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Selwyn Elementary educator Lecia Shockley is CMS Teacher of the Year

  • http://media.charlotteobserver.com/smedia/2014/05/22/21/02/QZUxs.Em.138.jpeg|185
    Robert Lahser - rlahser@charlotteobserver.com
    Lecia Shockley, a second-grade teacher at Selwyn Elementary, speaks to the audience Thursday, May 22, 2014, after she was named the 2014 CMS Teacher of the Year.
  • http://media.charlotteobserver.com/smedia/2014/05/22/21/02/1t7npn.Em.138.jpeg|284
    Robert Lahser - rlahser@charlotteobserver.com
    J.H. Gunn Elementary’s Cynthia Corwin, right, was named Teacher Assistant of The Year. Her principal, Monique Davis, is at left.
  • http://media.charlotteobserver.com/smedia/2014/05/22/21/02/ImQx4.Em.138.jpeg|316
    Robert Lahser - rlahser@charlotteobserver.com
    Selwyn Elementary teacher Lecia Shockley, right, reacts after being named 2014 CMS Teacher of the Year on Thursday, May 22, 2014, at Phillip O. Berry Academy of Technology. Superintendent Heath Morrison, left, presented the award.
  • http://media.charlotteobserver.com/smedia/2014/05/22/21/02/XThmx.Em.138.jpeg|234
    Robert Lahser - rlahser@charlotteobserver.com
    Teacher of The Year nominees Emily Wegener, left, a special education teacher at Albemarle Road Elementary, and Kristin Ward, a 12th-grade English and creative writing teacher at West Charlotte High School, clap hands as their fellow nominees are announced during the Teacher of the Year awards ceremony Thursday, May 22, 2014, at Phillip O. Berry Academy of Technology.

Lecia Shockley was so impressed with the teachers her children had when they entered Charlotte-Mecklenburg Schools that she was inspired to become a teacher herself.

Flash forward some 15 years later to Thursday night, where the visibly stunned second-grade teacher at Selwyn Elementary was named CMS Teacher of the Year.

“Being a teacher in Charlotte-Mecklenburg is an honor. Being a parent in Charlotte-Mecklenburg is an honor. It’s a privilege to be both,” Shockley said. “We are so lucky to be in a place that values public education.”

Every year, Shockley goes to each student’s home and reads them a bedtime story. She holds a class dinner at a local restaurant that she invites students and their families to attend. And she has a day devoted to each student in the classroom.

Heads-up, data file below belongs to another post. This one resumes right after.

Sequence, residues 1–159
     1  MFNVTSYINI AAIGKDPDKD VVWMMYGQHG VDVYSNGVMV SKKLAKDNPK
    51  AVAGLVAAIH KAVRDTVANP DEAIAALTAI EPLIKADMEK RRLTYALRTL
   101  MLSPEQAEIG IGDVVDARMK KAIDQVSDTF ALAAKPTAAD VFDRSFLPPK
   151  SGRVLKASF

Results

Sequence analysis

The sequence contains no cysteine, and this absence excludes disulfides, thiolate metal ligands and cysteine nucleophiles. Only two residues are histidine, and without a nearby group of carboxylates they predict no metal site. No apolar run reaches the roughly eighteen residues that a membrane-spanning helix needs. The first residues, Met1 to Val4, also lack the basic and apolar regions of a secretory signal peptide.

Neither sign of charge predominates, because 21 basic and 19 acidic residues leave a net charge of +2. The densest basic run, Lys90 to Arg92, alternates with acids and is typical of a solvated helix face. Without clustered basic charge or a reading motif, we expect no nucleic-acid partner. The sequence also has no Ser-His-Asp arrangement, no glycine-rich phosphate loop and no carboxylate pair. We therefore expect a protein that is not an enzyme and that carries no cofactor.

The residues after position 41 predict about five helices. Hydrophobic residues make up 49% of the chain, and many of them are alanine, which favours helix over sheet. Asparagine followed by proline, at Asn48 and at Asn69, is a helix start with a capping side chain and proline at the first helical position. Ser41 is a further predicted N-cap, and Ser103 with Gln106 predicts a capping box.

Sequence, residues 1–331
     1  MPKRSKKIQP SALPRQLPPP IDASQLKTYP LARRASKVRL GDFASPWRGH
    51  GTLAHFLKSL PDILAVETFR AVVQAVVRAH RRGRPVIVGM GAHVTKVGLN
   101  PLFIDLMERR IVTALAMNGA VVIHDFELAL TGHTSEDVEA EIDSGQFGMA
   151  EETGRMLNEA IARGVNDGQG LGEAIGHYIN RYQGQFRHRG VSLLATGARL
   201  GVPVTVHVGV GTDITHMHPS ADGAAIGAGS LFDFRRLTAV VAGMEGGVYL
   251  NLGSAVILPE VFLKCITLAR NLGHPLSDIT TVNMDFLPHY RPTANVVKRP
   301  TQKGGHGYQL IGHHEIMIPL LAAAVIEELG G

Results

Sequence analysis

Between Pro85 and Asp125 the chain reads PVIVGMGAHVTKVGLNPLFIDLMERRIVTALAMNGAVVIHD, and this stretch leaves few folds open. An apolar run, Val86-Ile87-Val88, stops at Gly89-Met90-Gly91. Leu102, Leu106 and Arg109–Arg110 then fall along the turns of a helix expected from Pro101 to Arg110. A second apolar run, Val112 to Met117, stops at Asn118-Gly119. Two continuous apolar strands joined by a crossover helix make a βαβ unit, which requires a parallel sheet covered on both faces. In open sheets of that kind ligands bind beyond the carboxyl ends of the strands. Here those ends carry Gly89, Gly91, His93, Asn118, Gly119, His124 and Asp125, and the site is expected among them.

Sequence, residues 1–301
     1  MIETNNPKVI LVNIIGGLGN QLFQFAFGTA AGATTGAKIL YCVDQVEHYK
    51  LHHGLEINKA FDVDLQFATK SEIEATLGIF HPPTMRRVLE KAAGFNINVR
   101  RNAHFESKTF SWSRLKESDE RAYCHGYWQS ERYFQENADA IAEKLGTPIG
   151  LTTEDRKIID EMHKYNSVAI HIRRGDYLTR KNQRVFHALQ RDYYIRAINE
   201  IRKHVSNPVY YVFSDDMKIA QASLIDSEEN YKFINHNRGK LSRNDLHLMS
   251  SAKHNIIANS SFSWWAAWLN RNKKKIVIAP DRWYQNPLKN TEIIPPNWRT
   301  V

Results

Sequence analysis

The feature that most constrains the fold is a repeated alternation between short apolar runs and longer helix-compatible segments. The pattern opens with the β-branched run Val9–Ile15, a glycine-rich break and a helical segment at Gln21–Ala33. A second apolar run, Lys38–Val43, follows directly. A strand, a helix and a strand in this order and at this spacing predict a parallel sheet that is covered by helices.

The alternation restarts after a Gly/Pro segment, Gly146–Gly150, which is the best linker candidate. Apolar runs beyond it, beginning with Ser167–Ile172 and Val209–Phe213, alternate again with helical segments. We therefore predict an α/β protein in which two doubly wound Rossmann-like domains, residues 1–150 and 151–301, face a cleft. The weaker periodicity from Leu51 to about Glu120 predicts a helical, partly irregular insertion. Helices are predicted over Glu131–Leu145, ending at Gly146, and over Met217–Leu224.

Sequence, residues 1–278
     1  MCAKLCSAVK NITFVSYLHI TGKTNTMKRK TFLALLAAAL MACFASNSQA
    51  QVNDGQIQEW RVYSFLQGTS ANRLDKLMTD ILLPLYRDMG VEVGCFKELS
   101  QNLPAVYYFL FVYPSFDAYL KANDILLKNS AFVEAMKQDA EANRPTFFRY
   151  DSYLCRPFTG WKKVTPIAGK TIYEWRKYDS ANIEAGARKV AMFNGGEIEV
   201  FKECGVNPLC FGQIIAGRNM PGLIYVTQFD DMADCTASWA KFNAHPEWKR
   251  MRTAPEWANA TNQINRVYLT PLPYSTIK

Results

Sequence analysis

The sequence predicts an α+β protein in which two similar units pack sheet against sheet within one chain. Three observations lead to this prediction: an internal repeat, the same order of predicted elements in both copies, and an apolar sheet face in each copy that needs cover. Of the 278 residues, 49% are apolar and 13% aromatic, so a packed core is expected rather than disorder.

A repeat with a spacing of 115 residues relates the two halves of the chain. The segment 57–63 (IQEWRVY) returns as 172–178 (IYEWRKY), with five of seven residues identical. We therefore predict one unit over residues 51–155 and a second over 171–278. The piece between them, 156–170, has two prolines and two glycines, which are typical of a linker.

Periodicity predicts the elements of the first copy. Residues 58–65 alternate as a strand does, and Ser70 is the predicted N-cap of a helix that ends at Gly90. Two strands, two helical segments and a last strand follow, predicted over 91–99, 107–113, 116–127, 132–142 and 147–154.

Thursday’s event, which coincided with Teacher Appreciation Week, was held at the Phillip O. Berry Academy of Technology before a crowd of more than 100 people.

Selwyn Principal Shane Lis called Shockley a phenomenal educator who integrates data and real-world experience in her lessons. She also is an advocate of making home-to-school connections.

“She is truly an everyday hero,” Lis said.

Shockley is a UNC Charlotte graduate who began her teaching career in 1999 at Derita Elementary.

After the event, Shockley said, “I can’t wait to tell my kids at home and my kids in the classroom. They think they earned it (the honor), and they really did.”

There were seven finalists, who were first selected by their schools then the larger learning communities. CMS has more than 9,000 teachers, and Shockley now qualifies for the regional Teacher of the Year competition.

Cynthia Corwin at J.H. Gunn Elementary won the Teacher Assistant of the Year award.

Gunn Principal Monique Davis called Corwin “a phenomenal woman. Our students know that she loves them.”

The other finalists for that award were: Christina Saladino, Grand Oak Elementary; Holly O’Brien, Highland Mill Montessori; Russhonia Jackson, Reid Park Academy; James Wideman, Cornelius Elementary; and Debbie Peterson, Sharon Elementary.

Last year’s CMS Teacher of the Year, Garinger High’s James Ford, went on to be named the North Carolina Teacher of the Year, the first from CMS to win the state award since 1970. Near the start of Thursday’s ceremony Ford told the finalists to soak in the moment and realize how important their role is.

The other finalists were: Brad Baker, a 10th-grade civics and economics teacher at William A. Hough High; Willie Brooks, a seventh- and eighth-grade language arts teacher at James Martin Middle; Deanna Chinault, a science lab teacher for kindergarten through fifth grade at Endhaven Elementary; Darrell Potts, a world history teacher at West Mecklenburg High; Kristin Ward, an English and creative writing teacher at West Charlotte High; and Emily Wegener, who teaches kindergarten through fifth-grade special education students at Albemarle Road Elementary.

Superintendent Heath Morrison praised all of the finalists for Teacher of the Year as well as the Teacher Assistant of the Year.

“You change lives. You make a difference, and you help young people,” he said. “Let us celebrate you.”

Bell: 704-358-5696; Twitter: @abell
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